Poro

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For other uses, see Poro (disambiguation).

The Poro, or Purrah or Purroh, is a secret society of Sierra Leone and Liberia.

Structure[edit]

Only males are admitted to its ranks. The Poro society was part of the culture introduced by Mande people, migrants to the region as early as the 1000 CE.[1]

Two affiliated and secret associations exist in Sierra Leone, the Yassi and the Bundu. The first is nominally reserved for females, but members of the Poro are admitted to certain ceremonies. All the female members of the Yassi must be also members of the Bundu, which is strictly reserved to women. In Liberia, the female equivalent of the Poro is the Sande society.

Of the three, the Poro is by far the most important. The entire native population is governed by its code of laws. It primarily represents a type of fraternal society to which even infants are temporarily admitted. The ceremony for them consists of carrying them into the Poro bush and out again.

But there are also religious and civil aspects of the Poro. Under the former, boys join it at puberty in a rite of passage. Under its civil aspects, the society serves as a kind of native governing body, making laws, deciding on war and peace, etc.

Practices[edit]

The Poro has its special ritual and language, tattooing and symbols, but details are scarce, due to an oath of secrecy. It meets usually in the dry season, between the months of October and May. The rendezvous is in the bush, at an enclosure, separated into apartments by mats and roofed only by the overhanging trees, serving as a club-house. There are three grades, the first for chiefs and big men, the second for fetish-priests and the third for the crowd. The ceremonies of the Purrah are presided over by the Poro devil, a man in fetish dress, who addresses the meeting through a long tube of wood.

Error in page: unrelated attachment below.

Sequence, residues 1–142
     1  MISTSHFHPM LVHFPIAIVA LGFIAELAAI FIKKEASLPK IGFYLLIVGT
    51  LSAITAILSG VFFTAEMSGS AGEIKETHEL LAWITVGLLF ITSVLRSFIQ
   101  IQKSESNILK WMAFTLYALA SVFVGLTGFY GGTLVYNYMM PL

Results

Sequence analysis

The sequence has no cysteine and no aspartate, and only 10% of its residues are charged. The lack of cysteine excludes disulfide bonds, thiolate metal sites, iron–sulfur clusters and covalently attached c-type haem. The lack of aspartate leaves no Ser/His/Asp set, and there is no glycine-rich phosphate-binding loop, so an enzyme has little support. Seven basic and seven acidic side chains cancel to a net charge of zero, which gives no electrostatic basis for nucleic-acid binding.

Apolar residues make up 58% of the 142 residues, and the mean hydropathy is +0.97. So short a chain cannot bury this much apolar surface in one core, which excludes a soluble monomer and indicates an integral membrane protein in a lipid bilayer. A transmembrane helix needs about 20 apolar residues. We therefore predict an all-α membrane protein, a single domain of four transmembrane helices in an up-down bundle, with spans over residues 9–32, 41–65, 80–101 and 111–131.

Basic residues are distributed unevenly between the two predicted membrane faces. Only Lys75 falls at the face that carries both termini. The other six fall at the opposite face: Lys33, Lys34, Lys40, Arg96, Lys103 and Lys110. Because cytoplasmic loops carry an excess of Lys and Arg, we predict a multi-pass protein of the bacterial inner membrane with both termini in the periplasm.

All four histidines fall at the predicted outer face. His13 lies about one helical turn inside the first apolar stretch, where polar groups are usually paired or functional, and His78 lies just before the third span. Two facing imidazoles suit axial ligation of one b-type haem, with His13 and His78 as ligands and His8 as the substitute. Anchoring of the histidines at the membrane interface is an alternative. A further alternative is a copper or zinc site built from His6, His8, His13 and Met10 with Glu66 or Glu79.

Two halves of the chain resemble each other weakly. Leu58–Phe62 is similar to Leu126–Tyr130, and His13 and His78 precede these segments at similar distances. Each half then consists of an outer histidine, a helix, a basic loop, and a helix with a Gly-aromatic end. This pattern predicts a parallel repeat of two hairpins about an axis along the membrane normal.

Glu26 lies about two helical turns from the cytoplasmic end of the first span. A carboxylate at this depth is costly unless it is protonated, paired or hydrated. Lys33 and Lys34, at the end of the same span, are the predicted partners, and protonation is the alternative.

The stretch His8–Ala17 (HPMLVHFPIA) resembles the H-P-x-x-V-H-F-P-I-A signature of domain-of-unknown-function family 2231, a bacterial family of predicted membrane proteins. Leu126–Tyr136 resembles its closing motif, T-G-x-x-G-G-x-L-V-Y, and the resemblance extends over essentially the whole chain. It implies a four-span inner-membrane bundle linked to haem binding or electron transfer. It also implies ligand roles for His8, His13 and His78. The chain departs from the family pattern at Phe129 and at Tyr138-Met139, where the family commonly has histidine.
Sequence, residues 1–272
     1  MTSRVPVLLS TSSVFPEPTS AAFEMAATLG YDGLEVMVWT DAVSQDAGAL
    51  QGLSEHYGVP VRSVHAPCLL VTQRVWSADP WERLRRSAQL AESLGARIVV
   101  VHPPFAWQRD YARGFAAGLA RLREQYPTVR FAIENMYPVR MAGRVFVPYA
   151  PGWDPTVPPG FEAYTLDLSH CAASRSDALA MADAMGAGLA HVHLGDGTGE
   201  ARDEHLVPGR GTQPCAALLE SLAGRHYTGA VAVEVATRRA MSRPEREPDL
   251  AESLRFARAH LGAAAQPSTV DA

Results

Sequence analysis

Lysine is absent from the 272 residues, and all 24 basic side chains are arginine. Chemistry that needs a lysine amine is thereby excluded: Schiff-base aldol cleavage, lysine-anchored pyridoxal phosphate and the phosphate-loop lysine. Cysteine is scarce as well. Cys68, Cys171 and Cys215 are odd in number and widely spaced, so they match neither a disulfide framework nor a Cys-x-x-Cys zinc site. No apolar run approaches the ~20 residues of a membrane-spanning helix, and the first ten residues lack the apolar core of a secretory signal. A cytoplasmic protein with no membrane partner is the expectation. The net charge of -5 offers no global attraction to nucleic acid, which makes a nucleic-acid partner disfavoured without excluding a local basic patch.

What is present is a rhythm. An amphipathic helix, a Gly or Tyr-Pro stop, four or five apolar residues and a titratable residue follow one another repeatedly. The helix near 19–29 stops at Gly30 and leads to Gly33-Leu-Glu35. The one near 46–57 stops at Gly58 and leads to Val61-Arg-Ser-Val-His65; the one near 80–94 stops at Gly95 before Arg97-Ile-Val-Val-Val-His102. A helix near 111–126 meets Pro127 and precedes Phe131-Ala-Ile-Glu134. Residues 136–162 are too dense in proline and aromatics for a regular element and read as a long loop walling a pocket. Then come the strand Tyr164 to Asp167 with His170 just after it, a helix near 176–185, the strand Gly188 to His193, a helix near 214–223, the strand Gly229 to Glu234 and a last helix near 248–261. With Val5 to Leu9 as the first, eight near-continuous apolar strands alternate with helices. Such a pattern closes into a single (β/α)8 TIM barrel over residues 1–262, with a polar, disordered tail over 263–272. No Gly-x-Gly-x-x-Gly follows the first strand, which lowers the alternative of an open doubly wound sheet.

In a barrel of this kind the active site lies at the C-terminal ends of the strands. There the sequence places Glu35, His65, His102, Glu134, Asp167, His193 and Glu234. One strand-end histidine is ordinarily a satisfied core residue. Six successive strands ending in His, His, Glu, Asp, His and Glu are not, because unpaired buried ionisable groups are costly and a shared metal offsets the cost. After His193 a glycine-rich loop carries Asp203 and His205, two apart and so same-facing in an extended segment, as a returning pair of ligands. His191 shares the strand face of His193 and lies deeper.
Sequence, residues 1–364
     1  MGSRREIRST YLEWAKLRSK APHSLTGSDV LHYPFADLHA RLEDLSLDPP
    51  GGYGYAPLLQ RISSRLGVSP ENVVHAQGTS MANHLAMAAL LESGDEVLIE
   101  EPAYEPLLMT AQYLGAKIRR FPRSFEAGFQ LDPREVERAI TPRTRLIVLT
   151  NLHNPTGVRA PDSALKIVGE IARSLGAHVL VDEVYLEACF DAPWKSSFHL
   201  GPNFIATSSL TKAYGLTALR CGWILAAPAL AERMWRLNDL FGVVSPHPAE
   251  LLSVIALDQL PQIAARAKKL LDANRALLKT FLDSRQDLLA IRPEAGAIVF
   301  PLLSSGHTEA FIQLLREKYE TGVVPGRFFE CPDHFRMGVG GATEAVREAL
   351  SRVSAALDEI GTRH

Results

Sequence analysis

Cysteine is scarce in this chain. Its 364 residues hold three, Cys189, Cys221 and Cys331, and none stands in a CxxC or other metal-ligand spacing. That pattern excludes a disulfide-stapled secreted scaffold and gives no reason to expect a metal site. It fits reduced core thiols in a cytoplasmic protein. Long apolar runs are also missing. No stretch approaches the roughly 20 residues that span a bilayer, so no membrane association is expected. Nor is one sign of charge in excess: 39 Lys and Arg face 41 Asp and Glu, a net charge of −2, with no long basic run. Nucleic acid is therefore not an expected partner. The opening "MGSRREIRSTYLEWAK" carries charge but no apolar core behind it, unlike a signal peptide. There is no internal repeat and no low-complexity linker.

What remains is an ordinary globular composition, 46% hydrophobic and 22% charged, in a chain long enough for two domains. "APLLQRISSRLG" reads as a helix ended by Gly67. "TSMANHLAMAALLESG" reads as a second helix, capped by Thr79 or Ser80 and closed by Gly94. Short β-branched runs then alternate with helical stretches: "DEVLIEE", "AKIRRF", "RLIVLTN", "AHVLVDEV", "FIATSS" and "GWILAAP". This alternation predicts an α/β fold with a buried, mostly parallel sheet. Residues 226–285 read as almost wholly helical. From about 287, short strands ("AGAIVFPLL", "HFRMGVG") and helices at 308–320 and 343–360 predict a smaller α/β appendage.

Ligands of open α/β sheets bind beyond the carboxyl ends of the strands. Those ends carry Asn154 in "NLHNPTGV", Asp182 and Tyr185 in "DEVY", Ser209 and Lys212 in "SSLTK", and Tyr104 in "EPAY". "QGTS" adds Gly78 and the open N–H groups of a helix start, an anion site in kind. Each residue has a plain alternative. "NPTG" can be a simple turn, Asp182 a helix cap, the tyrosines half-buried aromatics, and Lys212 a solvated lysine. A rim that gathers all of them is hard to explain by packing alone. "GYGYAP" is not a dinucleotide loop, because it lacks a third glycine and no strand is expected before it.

The Poro can place its taboo on anything or anybody. As no native would venture to defy its order, much trouble has been caused where the taboo has been laid upon crops. In 1897 the British local government was compelled to pass a special ordinance forbidding the imposition of the taboo on all indigenous products.

"The ceremonies of the Purrah are presided over by the Poro devil, a man in fetish dress, who addresses the meeting through a long tube of wood, known as a bull-roarer (voice distorter which delivers a bloodcurdling stream of sounds, and is made from a tube with holes cut into it over which discs of membrane from the egg sags of a particular spider are spread over)." The Liberian Poro is little different when it comes to ceremonies.

If a ceremony has women, children and non-members taking part, the devil stays out. The Gbetoo is the only "fetish dressed up with long tube of wood" that can be seen. The poro devil is invisible even to most members.

In 2009, rock-throwing Poro members protested selection of Elizabeth Simbiwa Sogbo-Tortu as the first female chief of the Niminyama chiefdom in eastern Sierra Leone. They barred her from taking office.[2]

Prominent members of the Poro[edit]

Poro society is very active in the rural parts of Liberia.[citation needed]

See also[edit]

References[edit]

  1. ^ Christopher Fyfe, "Weighing the Probabilities", Review: Landlords and Strangers: Ecology, Society and Trade in Western Africa, 1000–1630, By George E. Brooks. Boulder: Westview Press, 1994. (ISBN 0-8133-1263-9)
  2. ^ "Sierra Leone woman barred from becoming chief". BBC News. 15 December 2009. Retrieved 15 December 2009. 
  • Public Domain This article incorporates text from a publication now in the public domainChisholm, Hugh, ed. (1911). Encyclopædia Britannica (11th ed.). Cambridge University Press. 
  • T. J. Alldridge, The Sherbro and its Hinterland (1901)
  • Tim Butcher, Chasing the Devil - The Search for Africa's Fighting Spirit (2010, Chatto & Windus)
  • P. Jan Vandenhoute, G.W. Harley, Poro and Mask : A Few Comments on Masks as agents of social control in Northeast Liberia (Ghent, 1989, Working Papers in Ethnic Art, 4)

Category:Religion in Guinea